The importance of earning the approval of others. “Schools teach students to seek the approval of their teachers. Indeed, for all of our differences, this is one area that parents and teachers share; we are wired or we are hired to believe in you, to approve you, to prevent or mitigate the experiences of disappointment...Try to correct this in two ways. First seek people, work for people who dont have to like you, people who can easily disapprove of you, people that you canҒt easily please.  Their skepticism or indifference will define you. Second, if you dont how to do so already, begin working for yourself, and let the teachers be damned. But they wonҒt be they֒ll just be all the more approving because that kind of integrity can only command respect. After all, most of the work we devise is devised for students who are not working for themselves, so those that do surpass our expectations and teach us things that weve never thought of.”

Having the knowledge is more fundamental than having an opinion, being on the right side is more important than solving an assigned problem, and having integrity is far more important than winning the approval of authorities.

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2007 Michael L. Umphrey

     Building schools in mountain villages of Asia

Bozeman resident Greg Mortenson is helping build schools in Pakistan and Afghanistan. All incoming freshmen at Carroll College have been asked to read his book, Three Cups of Tea, and he will give a talk on campus on September 12.  These are some of the proposed discussion questions:

Other people constantly impact Mortenson’s ability to carry out his plans. What role does “community” (other people, relationships, etc.) play in his experience? What specific events or scenes in the book demonstrate how others help (or hinder) his work?

How is Mortenson challenged and changed (in bigger or smaller ways) through his encounter with this “other” culture?

Mortenson claims that building schools in this region is a more practical response to terrorism than war. Do you think the book makes a solid case for that claim, and why or why not?

Do you think Mortenson is simply an exceptional person, or can anyone make a difference like this with enough commitment?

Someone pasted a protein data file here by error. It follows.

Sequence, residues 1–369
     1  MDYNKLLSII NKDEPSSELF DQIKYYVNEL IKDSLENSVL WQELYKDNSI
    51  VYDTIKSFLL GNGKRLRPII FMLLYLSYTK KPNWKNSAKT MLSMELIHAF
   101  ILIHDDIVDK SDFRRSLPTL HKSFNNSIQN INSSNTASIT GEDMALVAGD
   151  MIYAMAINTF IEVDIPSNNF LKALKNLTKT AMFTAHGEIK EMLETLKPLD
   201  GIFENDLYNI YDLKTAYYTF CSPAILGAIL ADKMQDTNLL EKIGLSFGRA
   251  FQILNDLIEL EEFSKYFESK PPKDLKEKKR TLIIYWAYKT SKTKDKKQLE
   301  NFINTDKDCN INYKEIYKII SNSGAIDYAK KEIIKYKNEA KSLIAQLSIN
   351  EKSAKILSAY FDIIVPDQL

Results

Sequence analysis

What critical questions should we ask about philanthropic projects such as those described in this book?

He will also speak at the University of Montana in Missoula on September 21 at 7:00 pm as part of the Campus Reads Program.

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2007 Michael L. Umphrey

Gardening the creek
     Planning paradise

A friend bought nearly 80 acres along a section of Mission Creek where I had spent a lot of time as a boy. I took several trips with him to look at the property and to listen to his plans for it. He had researched riparian zones and was intent on preserving the wildness of the place. He was going to fence the creek, so cattle from the bench pasture couldn’t get down in the trees. He showed me places where he was going to use a bulldozer to put the bank back to a more natural shape, and where he was going to plant willows to prevent the creek from eroding the bank further. He was planning a large-scale garden that had to look wild and unplanned.

I had loved that section of creek when I was a boy. I could get there from town on my bike, and once there I could lose myself in a ribbon of wilderness meandering through the valley. I went fishing there often, and like grownup fishermen sometimes I actually fished, but as often as not I just wandered the freedom of secret places. 

Farmers had allowed cows along the creek: the banks were pummeled to mud by their hooves, the new growth pine and fir was destroyed by browsing so the bottoms grew to thickets of buck weed, cockle burr and beggars lice. Because the land wasn’t useful for farming, except as a cheap source of stock water, it was ignored. No one cared who was there or what they did. It was a paradise. I could built shelters and dams, made forts, lashed together tree houses and built camp fires. There were no signs, no rules. It was a good place to be a poor kid. Or a poor man.

My friend was going to build his house at the edge of the woods, something tasteful that wouldn’t be too conspicuous. A couple from New Jersey had moved into the valley the year before and built a large house high on a hill overlooking us all. You could see it from everywhere. He wasn’t going to do anything so crass. The side of his house that faced the creek would have many windows that opened into the aspen and birch, the birds and deer. 

No more forts of fir boughs.

Posted by Michael L Umphrey
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2007 Michael L. Umphrey